Companies are busy environments, and although recruiting for early-stage businesses may be mission-critical, it is just one of a wide range of equally mission-critical tasks and challenges facing founders and hiring managers. As new and pressing things to do keep pushing your last communication further and further down in their inbox, it’s really easy for someone to drop the ball. That is why it’s so important to be proactive and to follow up.
But, especially if you are actively searching, it is also common to apply to a large number of positions. You’ll need to keep careful notes about when each interaction (email, call, or interview) took place to ensure you stay on top of your follow-up, so you know when enough time has passed to reach back out and see how things are going. Most of the time, unless they specify a different time frame, you’ll want to reach out if you haven’t heard from someone you’re already talking to in about a week.
The other primary advantage is that the probability of duplicating your own effort is reduced. You may come across multiple roles from the same company, or multiple times from the same role. If you’re not logging all the conversations you’ve had, you might even forget about one of them and apply again—not a good look. It makes it much easier to avoid errors by keeping a record of every application you send.
Finally, to understand the performance of your job search and for forecasting timelines, monitoring is important. For what positions do you receive the most interviews? Where are the best places to search for jobs? How long are you expecting to take a recruitment process, and how many meetings or calls are involved? You will need to answer these questions to keep your expectations realistic and prioritize your search efforts according to their greatest impact, but if you do not track the data in the first place, you can’t.
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What to Monitor in your Job Search?
You’ll probably want to monitor a few things for every application you send, to ensure that you’re organized and on top of everything.
Company: Whenever you’re about to go in or get on the phone, you’ll likely need to refresh your memory of the company’s offerings and current situation, so make sure you write down the name.
Role: It will be helpful to remember which abilities you need to employ in any given conversation if you consider multiple types of positions. Furthermore, tracking titles makes it easier to determine where your strongest appeal is. For example, if you’re a marketer, you may find that you get callbacks for product marketing roles more often than for account-based marketing jobs, even though you feel confident doing either job. Then, where they will have the greatest impact, you can focus your efforts.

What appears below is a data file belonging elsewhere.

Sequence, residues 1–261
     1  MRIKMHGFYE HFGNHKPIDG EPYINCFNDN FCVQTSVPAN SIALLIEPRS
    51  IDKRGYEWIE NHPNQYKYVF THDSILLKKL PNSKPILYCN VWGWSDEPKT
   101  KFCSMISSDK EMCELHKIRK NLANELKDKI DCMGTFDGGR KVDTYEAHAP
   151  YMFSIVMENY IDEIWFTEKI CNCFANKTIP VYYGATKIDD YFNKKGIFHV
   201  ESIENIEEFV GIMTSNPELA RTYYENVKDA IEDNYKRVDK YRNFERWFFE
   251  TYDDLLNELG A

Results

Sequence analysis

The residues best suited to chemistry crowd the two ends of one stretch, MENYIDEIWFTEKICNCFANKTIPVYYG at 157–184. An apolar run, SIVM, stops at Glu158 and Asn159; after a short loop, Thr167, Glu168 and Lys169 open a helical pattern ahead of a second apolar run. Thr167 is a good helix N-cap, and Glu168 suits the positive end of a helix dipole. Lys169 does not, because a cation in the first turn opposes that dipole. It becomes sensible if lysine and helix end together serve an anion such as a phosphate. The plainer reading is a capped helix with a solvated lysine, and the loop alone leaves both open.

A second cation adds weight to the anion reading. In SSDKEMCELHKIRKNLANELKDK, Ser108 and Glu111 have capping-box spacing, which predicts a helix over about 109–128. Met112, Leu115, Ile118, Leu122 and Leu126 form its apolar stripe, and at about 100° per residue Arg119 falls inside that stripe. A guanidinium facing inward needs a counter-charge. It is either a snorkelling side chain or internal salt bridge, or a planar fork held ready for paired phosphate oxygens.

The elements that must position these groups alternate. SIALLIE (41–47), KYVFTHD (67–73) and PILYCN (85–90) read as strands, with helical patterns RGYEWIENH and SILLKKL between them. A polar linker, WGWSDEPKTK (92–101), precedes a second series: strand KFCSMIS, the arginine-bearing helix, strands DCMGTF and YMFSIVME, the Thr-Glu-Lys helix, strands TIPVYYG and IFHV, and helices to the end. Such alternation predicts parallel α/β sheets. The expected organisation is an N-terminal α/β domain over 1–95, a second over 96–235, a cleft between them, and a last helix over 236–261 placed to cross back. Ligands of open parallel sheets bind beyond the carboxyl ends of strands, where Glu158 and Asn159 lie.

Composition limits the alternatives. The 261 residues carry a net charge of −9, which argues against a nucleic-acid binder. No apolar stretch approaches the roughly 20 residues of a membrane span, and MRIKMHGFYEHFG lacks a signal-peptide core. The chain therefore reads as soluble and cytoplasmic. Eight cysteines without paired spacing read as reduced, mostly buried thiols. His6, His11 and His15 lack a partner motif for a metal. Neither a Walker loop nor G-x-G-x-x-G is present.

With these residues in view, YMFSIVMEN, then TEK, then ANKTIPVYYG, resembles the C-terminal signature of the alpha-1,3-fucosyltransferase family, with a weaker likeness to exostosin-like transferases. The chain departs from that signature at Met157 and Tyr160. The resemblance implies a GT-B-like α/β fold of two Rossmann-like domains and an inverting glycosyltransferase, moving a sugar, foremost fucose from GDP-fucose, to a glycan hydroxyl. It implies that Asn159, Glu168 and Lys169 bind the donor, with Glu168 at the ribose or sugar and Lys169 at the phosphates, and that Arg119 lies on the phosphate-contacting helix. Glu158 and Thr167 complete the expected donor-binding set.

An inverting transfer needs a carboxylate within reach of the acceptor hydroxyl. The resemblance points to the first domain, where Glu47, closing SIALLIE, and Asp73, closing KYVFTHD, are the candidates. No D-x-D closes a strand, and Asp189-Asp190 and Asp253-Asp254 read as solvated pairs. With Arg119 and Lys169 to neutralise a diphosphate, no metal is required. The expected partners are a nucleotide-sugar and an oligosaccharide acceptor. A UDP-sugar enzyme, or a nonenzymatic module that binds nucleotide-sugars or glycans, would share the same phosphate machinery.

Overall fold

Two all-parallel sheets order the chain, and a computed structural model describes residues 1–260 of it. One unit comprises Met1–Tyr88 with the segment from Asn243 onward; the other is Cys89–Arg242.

Date sent: when calculating your job search timeline, an important marker.
Contacts: you’ll always want to make sure you know who your point of contact is for any position.
Last touch: to make sure you always know if it’s time to follow up, it’s important to keep the last date you made contact up-to-date. You can then either add a week to this date or note the timeline that was reported by your contact to generate a follow-up date.
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Furthermore, to derive information about your job search performance and understand your timeline, you may want to track some of these other data points.
Source: You may want to keep track of the channel that clued you into the opening of the job. If you do, you may discover that you have better success with posts on one board versus another, or that an available channel is underused.
First response: it can help keep your expectations reasonable to keep an eye on the length of time you typically wait to hear back from an application. This can be anywhere from minutes to weeks, depending on channel, application volume, and the priorities of the hiring manager.
Number of meetings: It can be helpful to know how far in the process you are by gathering a general idea of the number of meetings before an offer in your industry, location, and seniority level, in a similar spirit to tracking the length of the wait for a response.
The Outcome: keeping track of job offers, as well as the discussions that either you or the business did not pursue, can help you look back on your job search and evaluate your overall efficiency. It may also show some patterns in the kinds of positions or businesses that you were most interested in, and those that were most interested in you.
Outcome date: A final choice, offer or no offer, is the last piece of the job search timeline. To derive the length of time it takes for a conversation to close, you’ll need this data.
Keep Notes: keeping notes from every call or meeting you have is extremely advantageous, so you can pick up the conversation at the next touchpoint quickly.
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